New cases of TB have AFB staining of their sputum after 2, 5 and 6 months of treatment. If the 2 month AFB is positive, the initiation phase is prolonged another month and another AFB is performed at the 3 month mark. If the 3 month AFB is still positive, drug sensitivity testing needs to be performed. A positive AFB at the 5 or 6 month mark also requires drug sensitivity testing.

In cases of TB retreatment, AFB staining is performed after 3, 5 and 8 months of treatment. If the 3 month test is positive, the intermediate treatment phase is prolonged another month and drug sensitivity testing needs to be performed. A positive AFB at the 5 or 8 month mark also requires drug sensitivity testing.

With AFB negative TB cases (i.e. presumptive TB), a follow up AFB is performed at the 2 month mark only in those patients who are still symptomatic. In those patients with extra pulmonary TB, no follow-up AFB results are necessary. These cases are followed clinically. Weight gain is a reassuring sign.

Patients with untreated TB – especially when their sputum is AFB positive – are to be considered infectious. However, AFB negative patients can still transmit the disease. Extra pulmonary TB is not contagious.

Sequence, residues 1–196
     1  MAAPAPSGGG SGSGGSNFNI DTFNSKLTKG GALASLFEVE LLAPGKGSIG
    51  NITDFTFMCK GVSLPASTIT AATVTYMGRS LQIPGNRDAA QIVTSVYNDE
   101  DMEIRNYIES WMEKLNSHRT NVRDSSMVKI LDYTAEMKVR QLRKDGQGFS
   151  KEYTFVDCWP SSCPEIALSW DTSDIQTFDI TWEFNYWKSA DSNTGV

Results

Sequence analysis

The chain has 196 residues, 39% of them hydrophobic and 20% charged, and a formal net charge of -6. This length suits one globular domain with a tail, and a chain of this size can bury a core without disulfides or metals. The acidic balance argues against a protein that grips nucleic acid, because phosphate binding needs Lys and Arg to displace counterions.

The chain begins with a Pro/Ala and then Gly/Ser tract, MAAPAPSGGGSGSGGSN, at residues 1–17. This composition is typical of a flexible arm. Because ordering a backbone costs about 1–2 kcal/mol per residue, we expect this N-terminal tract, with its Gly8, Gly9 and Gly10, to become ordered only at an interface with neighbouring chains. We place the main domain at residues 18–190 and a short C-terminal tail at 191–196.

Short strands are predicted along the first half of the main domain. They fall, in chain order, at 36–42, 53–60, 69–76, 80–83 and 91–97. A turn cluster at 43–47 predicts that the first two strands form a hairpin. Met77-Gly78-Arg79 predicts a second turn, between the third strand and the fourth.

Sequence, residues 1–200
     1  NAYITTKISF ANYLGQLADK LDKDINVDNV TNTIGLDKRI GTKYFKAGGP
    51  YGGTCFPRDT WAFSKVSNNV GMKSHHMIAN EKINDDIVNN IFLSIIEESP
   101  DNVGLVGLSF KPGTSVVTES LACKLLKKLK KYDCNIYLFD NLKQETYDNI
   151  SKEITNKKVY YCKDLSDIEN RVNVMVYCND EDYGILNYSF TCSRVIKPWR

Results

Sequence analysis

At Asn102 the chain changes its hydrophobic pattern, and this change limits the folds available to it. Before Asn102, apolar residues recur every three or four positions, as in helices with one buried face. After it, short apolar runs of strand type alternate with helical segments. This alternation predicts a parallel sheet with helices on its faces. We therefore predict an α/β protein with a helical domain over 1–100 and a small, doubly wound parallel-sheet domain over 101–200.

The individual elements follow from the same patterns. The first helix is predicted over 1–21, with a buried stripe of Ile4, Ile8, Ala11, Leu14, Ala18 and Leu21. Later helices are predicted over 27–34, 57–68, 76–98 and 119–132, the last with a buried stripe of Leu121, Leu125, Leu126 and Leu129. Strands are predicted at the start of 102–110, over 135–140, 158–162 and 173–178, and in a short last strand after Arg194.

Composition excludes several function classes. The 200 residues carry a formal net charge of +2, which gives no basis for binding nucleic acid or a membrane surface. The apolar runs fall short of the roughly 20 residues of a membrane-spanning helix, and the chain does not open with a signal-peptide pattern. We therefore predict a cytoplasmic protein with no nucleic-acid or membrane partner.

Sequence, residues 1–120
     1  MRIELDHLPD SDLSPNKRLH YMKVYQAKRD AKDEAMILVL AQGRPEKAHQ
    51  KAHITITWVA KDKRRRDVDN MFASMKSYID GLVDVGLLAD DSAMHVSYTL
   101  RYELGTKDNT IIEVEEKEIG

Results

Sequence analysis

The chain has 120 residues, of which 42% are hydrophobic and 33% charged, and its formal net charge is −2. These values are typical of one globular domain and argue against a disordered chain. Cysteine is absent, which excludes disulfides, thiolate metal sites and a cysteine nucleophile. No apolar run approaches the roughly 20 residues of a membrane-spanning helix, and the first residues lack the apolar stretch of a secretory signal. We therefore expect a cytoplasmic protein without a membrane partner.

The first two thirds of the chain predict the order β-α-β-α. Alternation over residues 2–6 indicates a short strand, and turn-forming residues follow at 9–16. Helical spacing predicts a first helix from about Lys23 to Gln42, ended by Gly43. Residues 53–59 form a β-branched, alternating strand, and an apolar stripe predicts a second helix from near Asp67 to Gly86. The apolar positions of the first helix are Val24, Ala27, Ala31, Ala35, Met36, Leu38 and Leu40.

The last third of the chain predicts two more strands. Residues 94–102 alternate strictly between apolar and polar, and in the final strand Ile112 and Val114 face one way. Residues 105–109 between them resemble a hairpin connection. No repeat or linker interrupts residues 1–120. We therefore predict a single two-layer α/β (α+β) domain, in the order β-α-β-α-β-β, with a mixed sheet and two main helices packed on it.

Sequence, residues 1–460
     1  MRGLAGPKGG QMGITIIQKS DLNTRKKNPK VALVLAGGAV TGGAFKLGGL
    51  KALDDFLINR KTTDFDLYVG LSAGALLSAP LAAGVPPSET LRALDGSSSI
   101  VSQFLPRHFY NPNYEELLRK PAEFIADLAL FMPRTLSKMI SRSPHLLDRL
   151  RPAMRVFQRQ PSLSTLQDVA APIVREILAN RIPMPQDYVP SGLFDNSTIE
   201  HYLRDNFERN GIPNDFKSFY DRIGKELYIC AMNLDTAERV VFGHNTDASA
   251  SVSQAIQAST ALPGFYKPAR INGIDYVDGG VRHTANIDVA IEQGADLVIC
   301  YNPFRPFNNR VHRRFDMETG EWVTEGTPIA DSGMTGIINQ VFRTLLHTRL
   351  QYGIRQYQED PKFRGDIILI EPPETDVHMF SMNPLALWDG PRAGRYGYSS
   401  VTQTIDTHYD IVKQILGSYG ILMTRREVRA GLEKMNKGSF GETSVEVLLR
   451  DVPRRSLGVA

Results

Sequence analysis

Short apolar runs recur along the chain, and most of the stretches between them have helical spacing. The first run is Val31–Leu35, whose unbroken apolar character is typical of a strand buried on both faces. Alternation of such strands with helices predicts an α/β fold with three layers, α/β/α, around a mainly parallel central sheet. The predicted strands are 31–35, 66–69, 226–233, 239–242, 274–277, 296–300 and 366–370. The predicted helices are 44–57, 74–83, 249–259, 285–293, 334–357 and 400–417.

Patients with pulmonary TB should ideally be managed in an outpatient setting (preferably at home.) Bringing these patients into the hospital setting (or clinic) risks the transmission of this disease to others (both patients and care providers.) Patients who are admitted to the hospital should be subject to the following infection control protocols:
1) The patient should wear a surgical mask. These masks are sufficient to prevent cough induced TB from becoming aerosolized. If surgical masks are unavailable, patients need to be instructed on cough etiquette.
2) TB patients should be isolated to a single room or rooms specially designated for such patients.
3) The TB rooms should be well ventilated to further reduce the concentration of airborne TB particles. This means open windows and fans.
4) Health care providers working on a TB ward should be provided with N95 masks if possible.

Patients are typically considered non-infectious when the patient has received 2 weeks of effective TB therapy and are improving clinically.

End note:
Given the high rates of HIV and TB co infection, all patients with documented TB need to be tested for HIV.

1) Mohapatra PR, “Tuberculous lymphadenitis,” JAPI, 2009 Vol. 57: 585-590.
3) UpToDate
4) WHO TB Treatment Guidelines 2010.
5) WHO TB Infection Control Guidelines 2009.
6) USAID Haiti website